The production decline for shale wells is steep, with 60% to 70 % of the IP lost in the first year. A large part of this steep decline is caused because a significant portion of the hydraulically created fracture area is unsupported by proppant. For the proppant to enter a fracture, the fracture width must be three times the mean particle size of the proppant.
Using this metric as a guide, the hydraulic fracture width needs to be wider than 1.5 mm to accept 40/70 mesh sand and .5 mm to accept 100 mesh sand. A field-proven proppant for very small fractures is Deeprop 1000, which is an order of magnitude smaller than conventional proppants. This microproppant opens the potential for tapping into the production fluids trapped within the vast secondary fracture network of many shale wells.
Deeprop 1000 is a small, very strong microproppant with a D50 of 25 μ and a D95 of 115 μ. It has a density of 2.4 gm/cc, a compressive strength of 60,000 psi and is temperature stable up to 2,200 F. Manufactured as a dry solid, the microproppant has been pumped in hundreds of wells in the U.S. across many basins, exclusively in a slurry form. The slurry composition is an aqueous solution of a viscosifying agent, and the microproppant is added through the suction side of the blender.
There are four mechanisms that are improving the performance of the wells: improved effective propped area, scouring of the near wellbore area resulting in reduced treating pressure, far-field diversion and a reduction of convergent flow effects.
Figure 1 shows a treating plot from one stage in a 44-stage, six-cluster fracture that was performed in the Delaware Basin of West Texas. The red line is the surface treating pressure, and the green line is the pump rate. Because the treating string is loaded with the same proppant concentration and the pump rate is constant, the surface treating pressure is a fair representation of the downhole pressure behavior. The point that the Deeprop 1000 arrives at the perforations and the point where it is fully displaced is noted on the plot.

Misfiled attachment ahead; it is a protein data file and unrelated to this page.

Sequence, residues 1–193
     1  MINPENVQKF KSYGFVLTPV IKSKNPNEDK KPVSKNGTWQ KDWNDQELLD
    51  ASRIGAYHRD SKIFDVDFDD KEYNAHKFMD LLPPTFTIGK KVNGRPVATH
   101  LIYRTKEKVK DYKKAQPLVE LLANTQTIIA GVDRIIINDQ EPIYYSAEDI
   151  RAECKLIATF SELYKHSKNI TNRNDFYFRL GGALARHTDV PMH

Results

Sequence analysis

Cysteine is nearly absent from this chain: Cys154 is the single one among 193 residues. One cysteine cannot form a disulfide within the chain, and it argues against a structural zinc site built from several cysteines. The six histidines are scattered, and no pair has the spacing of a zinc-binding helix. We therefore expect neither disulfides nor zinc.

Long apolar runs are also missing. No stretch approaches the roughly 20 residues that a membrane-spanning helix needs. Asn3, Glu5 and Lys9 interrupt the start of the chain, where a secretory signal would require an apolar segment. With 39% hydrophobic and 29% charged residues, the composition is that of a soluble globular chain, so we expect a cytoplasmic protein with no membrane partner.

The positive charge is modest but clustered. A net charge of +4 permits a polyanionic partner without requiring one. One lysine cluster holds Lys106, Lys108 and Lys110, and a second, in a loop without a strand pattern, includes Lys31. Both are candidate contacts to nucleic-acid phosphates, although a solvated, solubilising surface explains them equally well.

Note when it hits the formation, there is a drop in the treating pressure followed by an increase then a sharp drop. The initial drop in pressure is due to near wellbore rock abrasion. The increase in pressure is due to bridging and diversion into one or several of the clusters or secondary fractures, and then the sharp drop is due to additional rock abrasion in the new clusters or fractures that were opened by the increase in pressure. Because of the low microproppant concentration and the Bernoulli Effect, which concentrates it in the center of the flow stream, it is not believed that the pressure drop is due to perforation erosion. The pressure drop spike noted in the middle of the MP stage looks to be a change in pump rate rather than a reservoir response. Only one of the 44 stages is represented in Figure 1, but most of the stages showed this behavior. This
behavior has been noted in all the reservoirs treated except the Utica.
To date, Deeprop 1000 has been pumped in the Barnett, Woodford/SCOOP, Utica, Marcellus and Wolfcamp A and B (both the Delaware and Midland basins) shales. Production data have been published for all these reservoirs.
Figure 2 shows a Utica case study that consisted of two Deeprop 1000 wells and 1 offset. The wells are in eastern Ohio where the Utica is located at about 7,500 ft true vertical depth. The offset well had a lateral length of 7,845 ft and was fractured using 45 stages spaced 180 ft apart. Each stage had five clusters spaced 36 ft apart. The first Deeprop 1000 well had a lateral length of 5,742 ft and was designed to have 45 stages spaced 150 ft apart. Each stage had five clusters spaced 30 ft apart. This well had several pressure issues so only 39 of the planned 44 stages were fractured. The second MP well had a lateral length of 7,341 ft and was fractured using 48 stages spaced 150 ft apart. Each stage had five clusters spaced 30 ft apart. Stage 7 was skipped so that only 47 of the planned 48 stages was fractured. The offset well had some downtime, so the data are formatted to eliminate this downtime effect. After a year under production, the oil uplift was 39,809 bbl and the gas uplift was 197.3 MMcf.
A number of research and field studies have demonstrated the microproppant’s ability to enhance the permeability of microfractures and vastly improve production in field applications in ongoing field operations in major shale plays across the U.S., including the Barnett, Woodford/SCOOP, Utica and Permian Basin. Average uplift after 25 months is 40%, and test wells over 36 months have uplift ranging from 10% to as high as 81%. Operators are recovering their return on investment in four months or less.
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